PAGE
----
Jobseeking Advice for Real Estate MBAs

by | March 31, 2009

This article is excerpted from the Vault Real Estate Career Guide.
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Joseph Pagliari, a clinical assistant professor and director of the Real Estate Center at the Kellogg School of Management, says, "There are host of opportunities in real estate for MBAs, the issue is identifying the best fit for the candidate. Positions that are good fits for MBAs are with the firms that are supplying the capital to the industry. Typically these are large sophisticated financially oriented firms. MBAs should identify these institutions and aggressively pursue them for employment. In today's marketplace, this means looking at REITs, mezzanine funds and private equity firms.

"In general the high profile real estate positions and financially rewarding jobs are on the capital side," adds Pagliari, who is also a principal of a real estate investment firm. "These jobs are almost self-selecting because they are tough to get and you have to be smart and aggressive to succeed. Given that positions in the capital side of the business are reserved for the elite, MBAs should pursue these positions because many MBAs possess these qualities."

Employers look for different skill sets. "It is difficult to narrow it to just a few things.," he says. "Some positions are very quantitative while others emphasize strong interpersonal skills. Having a combination of both is a competitive advantage. In general, I tell all my students to look for roles that speak to their skill sets. It is going to be hard enough to get the interview, so don't blow it by going after a job that probably doesn't fit your background. MBAs should do their homework on the types of roles out there and match your background and interest with the best fit. However, you still want to shoot for the sky and leverage your MBA."

Job seekers shouldn't be shy about using their contacts "This industry is very tough for outsiders or newcomers to break into and students should be ready to accept that," he advises. "Get in the hunt as soon as possible and network, network, network. Using alums or anyone else you know in the industry is something I always recommend." When you have the interview, be prepared to talk about the local market or any in which the company operates. If it's a public firm, check Wall Street for the scuttlebutt. Also, be certain they'll welcome your MBA.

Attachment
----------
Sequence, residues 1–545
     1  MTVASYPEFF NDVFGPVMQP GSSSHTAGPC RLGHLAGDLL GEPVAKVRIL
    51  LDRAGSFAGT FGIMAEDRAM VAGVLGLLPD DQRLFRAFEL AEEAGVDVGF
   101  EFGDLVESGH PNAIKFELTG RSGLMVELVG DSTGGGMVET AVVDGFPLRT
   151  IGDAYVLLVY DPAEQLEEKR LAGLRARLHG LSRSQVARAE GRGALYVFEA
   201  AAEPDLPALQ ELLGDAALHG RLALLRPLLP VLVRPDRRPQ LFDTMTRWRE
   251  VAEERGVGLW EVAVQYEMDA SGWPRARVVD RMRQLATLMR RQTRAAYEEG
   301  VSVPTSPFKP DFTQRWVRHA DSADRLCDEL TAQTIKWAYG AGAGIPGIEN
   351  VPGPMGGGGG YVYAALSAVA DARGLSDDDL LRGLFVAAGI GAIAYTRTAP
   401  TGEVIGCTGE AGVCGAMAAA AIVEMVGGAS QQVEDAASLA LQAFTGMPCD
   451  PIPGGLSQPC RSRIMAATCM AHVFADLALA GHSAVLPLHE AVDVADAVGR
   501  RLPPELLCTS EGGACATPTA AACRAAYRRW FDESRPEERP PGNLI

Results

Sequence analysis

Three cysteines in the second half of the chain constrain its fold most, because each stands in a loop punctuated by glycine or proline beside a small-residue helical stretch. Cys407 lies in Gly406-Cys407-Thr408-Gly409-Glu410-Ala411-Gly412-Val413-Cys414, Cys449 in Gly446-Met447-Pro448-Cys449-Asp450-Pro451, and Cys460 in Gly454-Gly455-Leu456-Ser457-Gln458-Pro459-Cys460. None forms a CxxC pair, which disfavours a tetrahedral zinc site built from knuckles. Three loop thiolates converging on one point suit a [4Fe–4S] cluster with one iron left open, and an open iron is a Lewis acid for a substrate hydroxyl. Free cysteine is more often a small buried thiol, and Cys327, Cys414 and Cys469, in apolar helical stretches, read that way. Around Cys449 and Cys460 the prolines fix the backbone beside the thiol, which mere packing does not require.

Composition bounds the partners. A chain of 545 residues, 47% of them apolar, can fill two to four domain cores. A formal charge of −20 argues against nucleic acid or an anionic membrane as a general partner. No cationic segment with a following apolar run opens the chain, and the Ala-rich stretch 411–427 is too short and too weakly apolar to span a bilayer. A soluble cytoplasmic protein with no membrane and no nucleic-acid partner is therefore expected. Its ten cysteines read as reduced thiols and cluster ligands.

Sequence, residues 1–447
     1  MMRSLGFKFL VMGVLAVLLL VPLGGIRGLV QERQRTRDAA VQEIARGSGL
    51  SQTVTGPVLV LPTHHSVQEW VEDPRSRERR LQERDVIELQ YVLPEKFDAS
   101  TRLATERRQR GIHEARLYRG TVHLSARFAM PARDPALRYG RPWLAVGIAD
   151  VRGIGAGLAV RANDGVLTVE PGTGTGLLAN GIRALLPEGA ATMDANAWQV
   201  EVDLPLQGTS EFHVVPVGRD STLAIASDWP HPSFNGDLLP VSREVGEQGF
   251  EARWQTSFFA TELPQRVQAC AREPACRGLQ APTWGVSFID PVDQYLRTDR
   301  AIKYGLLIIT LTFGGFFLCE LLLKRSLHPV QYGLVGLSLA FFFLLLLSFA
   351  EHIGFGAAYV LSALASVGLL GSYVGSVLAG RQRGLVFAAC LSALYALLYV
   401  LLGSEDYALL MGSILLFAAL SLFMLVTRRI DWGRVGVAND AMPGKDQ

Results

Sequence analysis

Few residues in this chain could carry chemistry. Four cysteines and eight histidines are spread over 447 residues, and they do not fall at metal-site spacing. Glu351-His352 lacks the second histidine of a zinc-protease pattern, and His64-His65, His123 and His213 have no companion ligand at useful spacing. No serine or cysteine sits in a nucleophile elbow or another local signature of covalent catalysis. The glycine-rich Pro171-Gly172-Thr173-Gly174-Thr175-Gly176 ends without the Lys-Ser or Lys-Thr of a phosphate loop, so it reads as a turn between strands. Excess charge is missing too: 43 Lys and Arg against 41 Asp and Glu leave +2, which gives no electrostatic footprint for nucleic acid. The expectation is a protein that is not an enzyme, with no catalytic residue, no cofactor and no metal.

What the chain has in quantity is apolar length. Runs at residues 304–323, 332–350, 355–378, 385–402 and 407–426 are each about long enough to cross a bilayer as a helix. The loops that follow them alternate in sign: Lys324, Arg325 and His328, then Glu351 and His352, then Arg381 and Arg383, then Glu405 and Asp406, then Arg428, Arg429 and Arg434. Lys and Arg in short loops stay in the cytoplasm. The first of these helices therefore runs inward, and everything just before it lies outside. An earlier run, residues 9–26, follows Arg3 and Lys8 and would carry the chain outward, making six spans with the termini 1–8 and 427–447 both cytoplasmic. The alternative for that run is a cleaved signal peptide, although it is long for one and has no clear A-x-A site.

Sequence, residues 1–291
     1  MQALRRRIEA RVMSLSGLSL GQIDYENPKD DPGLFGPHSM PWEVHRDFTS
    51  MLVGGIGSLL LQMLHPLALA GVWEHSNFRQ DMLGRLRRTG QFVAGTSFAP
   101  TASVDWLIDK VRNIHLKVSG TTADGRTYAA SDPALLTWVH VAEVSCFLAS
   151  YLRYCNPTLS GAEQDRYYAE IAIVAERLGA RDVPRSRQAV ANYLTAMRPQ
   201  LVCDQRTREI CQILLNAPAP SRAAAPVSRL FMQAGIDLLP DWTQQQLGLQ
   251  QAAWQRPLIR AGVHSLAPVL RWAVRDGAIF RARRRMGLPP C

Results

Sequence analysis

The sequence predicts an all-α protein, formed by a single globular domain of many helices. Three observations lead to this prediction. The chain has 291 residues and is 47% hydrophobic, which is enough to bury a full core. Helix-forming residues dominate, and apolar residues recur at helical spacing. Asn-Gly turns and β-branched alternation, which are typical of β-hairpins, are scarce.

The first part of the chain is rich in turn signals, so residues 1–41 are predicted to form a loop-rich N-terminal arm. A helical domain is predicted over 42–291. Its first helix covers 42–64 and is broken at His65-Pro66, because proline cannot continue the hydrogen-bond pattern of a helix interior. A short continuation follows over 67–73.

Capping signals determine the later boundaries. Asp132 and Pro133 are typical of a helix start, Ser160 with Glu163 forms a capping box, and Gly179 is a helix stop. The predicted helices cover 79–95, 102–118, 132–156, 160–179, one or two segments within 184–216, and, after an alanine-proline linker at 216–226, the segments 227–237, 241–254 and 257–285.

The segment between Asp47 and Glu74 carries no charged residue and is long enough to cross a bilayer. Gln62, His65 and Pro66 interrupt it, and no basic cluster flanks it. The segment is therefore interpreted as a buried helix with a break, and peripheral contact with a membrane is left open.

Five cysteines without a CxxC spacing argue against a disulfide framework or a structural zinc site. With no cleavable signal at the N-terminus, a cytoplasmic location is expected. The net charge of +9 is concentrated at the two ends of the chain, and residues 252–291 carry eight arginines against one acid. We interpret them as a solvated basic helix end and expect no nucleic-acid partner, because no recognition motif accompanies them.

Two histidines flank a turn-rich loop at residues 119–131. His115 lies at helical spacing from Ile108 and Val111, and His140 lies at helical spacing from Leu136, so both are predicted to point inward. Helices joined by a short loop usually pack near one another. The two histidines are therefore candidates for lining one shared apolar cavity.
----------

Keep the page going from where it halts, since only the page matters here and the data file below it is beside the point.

"In the interview you will most likely be asked about why you are interested in real estate and a few technical questions," Pagliari warns. "Be ready to describe a cap rate and market specifics like rental rates and general economic conditions."

To those MBAs just starting a real estate program who know they want to enter the industry, he stresses, "Don't rely on simply taking real estate classes, especially if you have no prior real estate experience." You need to demonstrate passion by joining a real estate club or getting active in real estate-related activities at school. "Do whatever it takes to be able to demonstrate your enthusiasm for the industry," he adds. " If it takes starting a real estate club or being the driving force behind an event, then so be it."

The professor also offered advice to individuals who are evaluating MBA programs that offer real estate curriculums: make sure that the real estate professors have some practical experience, that the curriculum will give you a skill set that will meet your end goal, and don't sacrifice the overall MBA experience for a school that simply offers a strong real estate curriculum and lacks in other areas.

For those MBAs that are interested in real estate but whose MBA programs do not offer real estate classes, Pagliari offers a solution. "Classes related to finance and economic principles that help you price risks are very useful," he says. The ability to price risk will separate you from other candidates. "Also, when possible, take some business law classes." Because there are many legal issues involved, these will be helpful. "Which is why you should not be surprised to find so many attorneys in the business," Pagliari says.

"I was a career switcher and was repeatedly asked in interviews about why I was interested in real estate," says Rich Monopoli, a recent graduate from business school. "Many of the interviewers wanted an explanation of how my background tied to my interest in real estate. I can't emphasize enough how important it is to be prepared to answer the question of why you are interested in real estate."


This article is excerpted from the Vault Real Estate Career Guide.
Read more excerpts or purchase the guide
Discuss real estate careers at the Real Estate Career Message Board
Find top positions at the Vault Job Board

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